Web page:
Are you new to airguns? Are you confused as to what may be the best choice for your needs? Here are some things you want to consider when working through the various options.
FPS is NOT what determines a rifle’s effectiveness…
These days, manufacturers “sell” their airguns based on how fast they can shoot. Faster is better right? This is a topic that I’ve hit on many times, but it’s a critical one that needs to be addressed over and over until manufacturers realize that it’s very misleading, especially to new airgunners. Currently there’s really no standard by which these guns are measured, so everything is fluid.
Here’s an example of what I’m talking about. Back in the day, Gamo had their 1000 FPS airguns. They would shoot 7.0 grain lead pellets, about the lightest lead pellets on the market, up to about 1000 FPS fairly reliably. They then released their lighter weight alloy pellet, the gold plated PBA ammo, and their guns suddenly became 1200 FPS airguns. The gun did not change, just the ammo used changed in order to achieve the “up to” velocity claims. Crosman soon followed suit and their 1000 FPS guns suddenly became 1200 FPS guns as well, using their own super lightweight pellets. You’ll find this on just about any rifle you see in the big-box outlets. The graphics on the box will boast insane velocity and then state “up to” with “alloy” pellets somewhere in the fine print. Unfortunately there’s nothing about accuracy, range, or effective accuracy at a given range. This is very confusing to airgunners just starting out.Gamo Silent Cat .177 Air Rifle with 4×32 Scope – Box states up to 1200 with alloy pellets or 1000 FPS with light lead pellets typically (7.0 grain RWS Hobby pellets). My my Silent Cat shoots the 7.0 grain Hobby Pellets pellets at 989 FPS, which is fairly close to 1000 FPS.
Why supersonic velocity can kill airgun accuracy…
Pellets were designed to shoot and remain stable and accurate at subsonic velocities (less than 1100 FPS). Rifle bullets are designed to shoot supersonic. If you take a moment to look at the shape of a pellet vs the shape of a typical high powered rifle bullet, you’ll notice that the pellet has a skinny waist and then a flared skirt, much like the fins on an arrow, or a dart. The concept is that this creates drag and helps the pellet stay pointed in the right direction during flight. When pellets are fired supersonic, there’s a lot of turbulence during the transition back to subsonic which can destabilize the pellet and cause it to tumble, lose stability, and become very inaccurate. Now this is a general rule of thumb. There are those rare examples where airguns shooting supersonic have better accuracy, but they are very, very rare and not consistent even among the same airgun model.RWS Superdome pellets, notice the skinny waist and the flared skirt.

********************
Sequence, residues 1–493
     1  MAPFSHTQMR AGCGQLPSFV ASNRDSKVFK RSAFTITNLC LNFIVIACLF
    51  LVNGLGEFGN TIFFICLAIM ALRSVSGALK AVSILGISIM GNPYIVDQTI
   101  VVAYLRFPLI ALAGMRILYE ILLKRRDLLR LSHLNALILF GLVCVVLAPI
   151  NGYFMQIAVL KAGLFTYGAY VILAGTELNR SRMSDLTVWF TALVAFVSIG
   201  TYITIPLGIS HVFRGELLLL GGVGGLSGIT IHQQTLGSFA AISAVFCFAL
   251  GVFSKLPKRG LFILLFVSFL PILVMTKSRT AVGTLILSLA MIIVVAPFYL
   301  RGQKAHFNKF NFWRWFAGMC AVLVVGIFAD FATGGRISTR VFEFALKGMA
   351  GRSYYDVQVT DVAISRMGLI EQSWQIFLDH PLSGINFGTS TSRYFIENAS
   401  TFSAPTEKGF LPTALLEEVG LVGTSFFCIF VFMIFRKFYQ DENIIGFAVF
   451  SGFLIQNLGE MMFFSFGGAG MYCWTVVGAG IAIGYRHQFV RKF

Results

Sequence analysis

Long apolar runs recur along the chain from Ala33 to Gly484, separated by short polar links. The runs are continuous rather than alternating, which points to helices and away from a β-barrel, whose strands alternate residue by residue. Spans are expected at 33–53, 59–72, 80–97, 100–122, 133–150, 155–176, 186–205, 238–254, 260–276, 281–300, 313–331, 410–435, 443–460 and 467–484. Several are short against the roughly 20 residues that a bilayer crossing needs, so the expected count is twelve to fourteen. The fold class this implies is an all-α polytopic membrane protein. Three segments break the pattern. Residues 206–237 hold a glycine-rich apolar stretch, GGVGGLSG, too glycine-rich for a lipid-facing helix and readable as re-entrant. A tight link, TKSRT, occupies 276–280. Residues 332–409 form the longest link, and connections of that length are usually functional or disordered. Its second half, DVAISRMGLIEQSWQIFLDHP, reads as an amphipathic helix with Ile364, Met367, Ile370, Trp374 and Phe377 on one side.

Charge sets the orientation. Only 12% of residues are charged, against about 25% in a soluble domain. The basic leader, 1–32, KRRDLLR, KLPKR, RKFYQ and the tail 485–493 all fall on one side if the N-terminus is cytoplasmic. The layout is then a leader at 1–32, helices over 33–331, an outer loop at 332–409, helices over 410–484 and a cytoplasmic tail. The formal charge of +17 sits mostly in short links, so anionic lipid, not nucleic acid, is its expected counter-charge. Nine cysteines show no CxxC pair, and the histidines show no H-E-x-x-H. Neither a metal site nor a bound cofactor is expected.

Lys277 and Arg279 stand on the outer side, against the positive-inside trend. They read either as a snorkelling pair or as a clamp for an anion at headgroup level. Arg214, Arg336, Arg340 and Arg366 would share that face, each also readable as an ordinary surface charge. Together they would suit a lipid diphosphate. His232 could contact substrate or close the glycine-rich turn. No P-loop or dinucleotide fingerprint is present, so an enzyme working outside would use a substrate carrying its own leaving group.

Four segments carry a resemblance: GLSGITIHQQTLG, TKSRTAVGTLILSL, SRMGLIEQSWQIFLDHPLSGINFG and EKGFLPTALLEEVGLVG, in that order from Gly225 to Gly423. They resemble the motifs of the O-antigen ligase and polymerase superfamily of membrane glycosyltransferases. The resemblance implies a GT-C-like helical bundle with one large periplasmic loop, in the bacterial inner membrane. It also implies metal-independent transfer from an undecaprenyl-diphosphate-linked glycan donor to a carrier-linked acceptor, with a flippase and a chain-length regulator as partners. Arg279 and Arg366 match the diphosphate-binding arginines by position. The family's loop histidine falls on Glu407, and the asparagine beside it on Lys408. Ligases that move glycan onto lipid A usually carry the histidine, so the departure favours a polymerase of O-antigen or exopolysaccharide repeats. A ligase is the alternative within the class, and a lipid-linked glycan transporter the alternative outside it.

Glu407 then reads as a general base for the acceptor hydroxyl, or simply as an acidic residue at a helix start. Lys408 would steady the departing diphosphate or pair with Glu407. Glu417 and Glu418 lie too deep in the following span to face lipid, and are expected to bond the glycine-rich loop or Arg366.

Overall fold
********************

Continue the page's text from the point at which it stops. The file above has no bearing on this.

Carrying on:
Helping understand the differences…
Here are some tips to help you understand the real power capability of airguns. Most airguns advertised at 1200 to 1250 FPS, will shoot lightweight lead pellets, i.e. 7.0 grain RWS Hobby pellets, between 950 and 1000 FPS. When you see airguns advertising 1300, 1400, and 1600+ FPS, they enter the super magnum airgun category. These have more powerful power plants that can often shoot the 7.0 grain lead pellets well above the sound barrier. Where they have their advantage, is that they can shoot much heavier pellets, i.e. the 10.6 grain Baracuda Match pellets, at high subsonic velocities. On paper these airguns should provide better, more consistent, accuracy at longer range.Hatsan Model 125 Sniper Camo Sniper Kit- .177 Cal with Scope, Bipod & Sling – this is an example of a super magnum airgun. Unlike other manufactures, Hatsan’s velocity numbers are tested with lead pellets. The result is a far truer representation of the potential power from the rifle’s power plant.
What other options are out there?
So far I’ve been referring to .177 caliber airguns. Some manufacturers offer the same model in .22 and even .25 that utilize the same power plant. Because the projectiles in each respective caliber are much heavier than the .177 options, you’ll see the FPS decrease greatly. A 1000 FPS power plant in .177 will shoot light lead .22 cal pellets, i.e. the 11.9 grain .22 caliber RWS Hobby pellets, at about 750 to 800 FPS. If you were to simply look at the FPS on the box, assuming that more is better, then that 750 to 800 would seem anemic compared to the 1000 FPS .177 variant of the same airgun. That assumption, depending on your intended use, would be completely incorrect. In all my years of testing, I’ve generally found the .22 version of the same gun to be more accurate and longer ranges than its .177 counterpart. I’m specifically talking about spring or gas ram airguns shooting out at 25 to 30 yards. PCP airguns are a completely different story and one I’ll be diving into as part of this series.
What about .25 cal?
I’m going to tackle this question as I jump into part 2 and I think I have an interesting analogy to help pull this together. Keep your eyes open and your web browser pointed to Airgun Depot’s Airgun University for part 2 in this series!